The patient was placed on 100% oxygen and transferred to an outside facility for hyperbaric oxygen therapy. The patient’s mental status subsequently improved back to baseline but with a residual left-sided weakness. The patient was later discharged to a long-term rehabilitation facility. 

Discussion

Bronchoscopic APC in this patient resulted in an altered level of consciousness and left sided weakness. This clinical deterioration, associated with generalized seizures, was most likely due to the development of CAE causing multiple end-arterial acute infarcts. In our patient, even though imaging studies were negative for cerebral air, we hypothesized that CAE was the likely cause of the acute stroke given the direct temporal relation between the onset of the symptoms and the use of APC. A thromboembolic cause of stroke cannot be excluded given the various vascular risk factors. 

The possible mechanisms responsible for the development of CAE during the APC include paradoxical embolization, formation of broncho vascular fistula, and occlusion of the bronchus by the bronchoscope.

Paradoxical embolization occurs during the APC when the gas flows from the venous circulation into the systemic circulation via the intracardiac shunts or by causing the filtering capacity of the pulmonary arterioles and capillaries to be overwhelmed by the rapid influx of large volumes of air [4-7]. In a dog model, it was noted that when 30 mL of air was injected rapidly, it produced embolization into arterial circulation resulting in cardiovascular compromise even in the absence of a patent foramen ovale [8]. This model applies to the case at hand as it is speculated that the rapidly infused argon gas or the gasses formed from superheated blood could have provoked a CAE in the absence of intracardiac shunts.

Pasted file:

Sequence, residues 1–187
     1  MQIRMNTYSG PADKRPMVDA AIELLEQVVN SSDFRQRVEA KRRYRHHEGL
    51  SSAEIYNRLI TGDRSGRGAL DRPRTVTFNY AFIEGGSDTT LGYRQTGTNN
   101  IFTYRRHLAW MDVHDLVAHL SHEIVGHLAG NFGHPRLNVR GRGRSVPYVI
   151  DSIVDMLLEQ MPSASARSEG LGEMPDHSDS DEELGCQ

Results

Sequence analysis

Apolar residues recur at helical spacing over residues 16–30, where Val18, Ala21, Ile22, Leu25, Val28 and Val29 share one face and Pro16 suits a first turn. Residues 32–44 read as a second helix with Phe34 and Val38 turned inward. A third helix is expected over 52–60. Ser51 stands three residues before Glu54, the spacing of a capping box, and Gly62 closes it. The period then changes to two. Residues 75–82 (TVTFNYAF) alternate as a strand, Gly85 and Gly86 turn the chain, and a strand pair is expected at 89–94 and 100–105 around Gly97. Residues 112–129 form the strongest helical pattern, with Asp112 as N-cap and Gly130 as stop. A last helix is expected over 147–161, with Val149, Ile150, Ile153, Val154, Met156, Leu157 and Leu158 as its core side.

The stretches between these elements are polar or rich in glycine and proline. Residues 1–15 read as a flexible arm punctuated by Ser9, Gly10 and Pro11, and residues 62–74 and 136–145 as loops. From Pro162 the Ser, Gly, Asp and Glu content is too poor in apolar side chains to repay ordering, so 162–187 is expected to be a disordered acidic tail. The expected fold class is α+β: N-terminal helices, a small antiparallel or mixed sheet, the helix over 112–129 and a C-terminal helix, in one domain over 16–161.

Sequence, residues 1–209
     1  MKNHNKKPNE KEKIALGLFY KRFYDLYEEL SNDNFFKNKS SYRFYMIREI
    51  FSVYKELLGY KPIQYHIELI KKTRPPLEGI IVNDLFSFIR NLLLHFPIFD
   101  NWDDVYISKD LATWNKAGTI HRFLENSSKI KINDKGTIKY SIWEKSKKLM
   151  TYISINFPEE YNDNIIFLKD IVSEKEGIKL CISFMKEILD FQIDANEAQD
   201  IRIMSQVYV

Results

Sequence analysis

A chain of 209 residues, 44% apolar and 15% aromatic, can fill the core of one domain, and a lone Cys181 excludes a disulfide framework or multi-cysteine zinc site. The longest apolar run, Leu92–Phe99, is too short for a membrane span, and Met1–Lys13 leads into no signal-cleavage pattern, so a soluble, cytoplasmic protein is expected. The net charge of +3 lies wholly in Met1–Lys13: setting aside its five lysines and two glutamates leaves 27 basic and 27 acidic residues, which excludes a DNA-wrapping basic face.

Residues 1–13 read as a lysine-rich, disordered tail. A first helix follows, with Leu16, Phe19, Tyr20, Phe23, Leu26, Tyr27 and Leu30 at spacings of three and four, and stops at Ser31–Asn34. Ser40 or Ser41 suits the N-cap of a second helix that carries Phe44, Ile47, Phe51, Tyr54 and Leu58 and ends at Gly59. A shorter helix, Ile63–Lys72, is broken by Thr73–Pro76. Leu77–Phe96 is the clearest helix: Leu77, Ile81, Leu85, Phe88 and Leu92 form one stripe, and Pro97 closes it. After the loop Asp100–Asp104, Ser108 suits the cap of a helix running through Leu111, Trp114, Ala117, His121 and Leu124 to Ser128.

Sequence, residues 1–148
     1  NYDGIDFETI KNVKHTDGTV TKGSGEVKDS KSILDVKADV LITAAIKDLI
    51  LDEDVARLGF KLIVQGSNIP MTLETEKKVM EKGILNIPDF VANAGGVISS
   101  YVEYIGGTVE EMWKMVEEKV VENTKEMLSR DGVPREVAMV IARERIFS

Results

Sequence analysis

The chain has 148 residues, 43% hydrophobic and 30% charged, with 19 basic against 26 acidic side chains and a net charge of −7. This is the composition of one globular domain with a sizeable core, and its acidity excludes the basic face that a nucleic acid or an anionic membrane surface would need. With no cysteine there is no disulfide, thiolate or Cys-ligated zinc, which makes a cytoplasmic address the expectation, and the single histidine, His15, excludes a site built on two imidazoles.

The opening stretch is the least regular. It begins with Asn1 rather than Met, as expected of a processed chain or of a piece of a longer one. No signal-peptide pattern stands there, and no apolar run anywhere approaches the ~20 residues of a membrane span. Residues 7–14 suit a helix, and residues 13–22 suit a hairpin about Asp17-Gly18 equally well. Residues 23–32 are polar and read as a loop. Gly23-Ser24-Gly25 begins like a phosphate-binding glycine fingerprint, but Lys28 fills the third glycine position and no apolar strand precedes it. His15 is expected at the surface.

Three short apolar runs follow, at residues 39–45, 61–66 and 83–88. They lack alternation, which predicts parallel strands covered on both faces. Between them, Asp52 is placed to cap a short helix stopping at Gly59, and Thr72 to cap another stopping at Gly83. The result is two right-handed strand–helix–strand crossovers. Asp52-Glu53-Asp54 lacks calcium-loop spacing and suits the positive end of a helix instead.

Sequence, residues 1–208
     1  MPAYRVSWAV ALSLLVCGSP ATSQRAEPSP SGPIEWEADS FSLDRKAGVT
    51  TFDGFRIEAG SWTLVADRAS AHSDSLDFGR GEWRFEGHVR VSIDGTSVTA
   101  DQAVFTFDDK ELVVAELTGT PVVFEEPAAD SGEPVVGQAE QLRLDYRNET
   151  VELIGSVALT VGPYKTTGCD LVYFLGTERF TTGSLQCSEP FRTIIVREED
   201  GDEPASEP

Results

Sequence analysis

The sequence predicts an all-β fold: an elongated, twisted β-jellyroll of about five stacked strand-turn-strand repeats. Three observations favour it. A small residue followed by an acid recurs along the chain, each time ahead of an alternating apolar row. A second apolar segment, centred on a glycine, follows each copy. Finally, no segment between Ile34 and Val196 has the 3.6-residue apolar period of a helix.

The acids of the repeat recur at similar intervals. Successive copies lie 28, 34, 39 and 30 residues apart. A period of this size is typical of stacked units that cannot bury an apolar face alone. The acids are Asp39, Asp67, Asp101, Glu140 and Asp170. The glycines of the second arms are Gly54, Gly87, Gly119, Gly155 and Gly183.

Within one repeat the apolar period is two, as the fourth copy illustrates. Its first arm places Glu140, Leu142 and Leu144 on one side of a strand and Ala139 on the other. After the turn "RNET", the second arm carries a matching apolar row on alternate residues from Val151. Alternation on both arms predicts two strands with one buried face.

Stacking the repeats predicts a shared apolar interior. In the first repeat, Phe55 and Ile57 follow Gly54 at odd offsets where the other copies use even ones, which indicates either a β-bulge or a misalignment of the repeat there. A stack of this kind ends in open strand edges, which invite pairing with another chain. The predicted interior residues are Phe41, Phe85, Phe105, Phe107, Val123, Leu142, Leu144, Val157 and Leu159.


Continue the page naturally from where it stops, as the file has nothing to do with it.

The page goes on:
Bronchovascular fistulae are abnormal communications created between the pulmonary vein and airways due to heat coagulation and mechanical destruction of the tumor and adjacent tissue. High pressures formed in the airways due to positive pressure ventilation can result in air being forced from the airways into the pulmonary circulation via broncho vascular fistulae [4-7]. In our patient, APC ablation of the large tumor accompanied by mechanical debridement of the airway might have produced broncho vascular fistulae via which gas could have entered the arterial circulation.

Also, when the tip of a bronchoscope is advanced through a previously obstructed bronchus, it results in a post-obstructive high pressure that can force air directly from the airways into the pulmonary arteries through a broncho vascular fistula [4-7]. The patency of the airways accomplished after ablation was assessed in our patient by advancing the bronchoscope into the airways. This may have resulted in a transient occlusion of the airways that forced air across a fistula that could have formed during the mechanical debridement.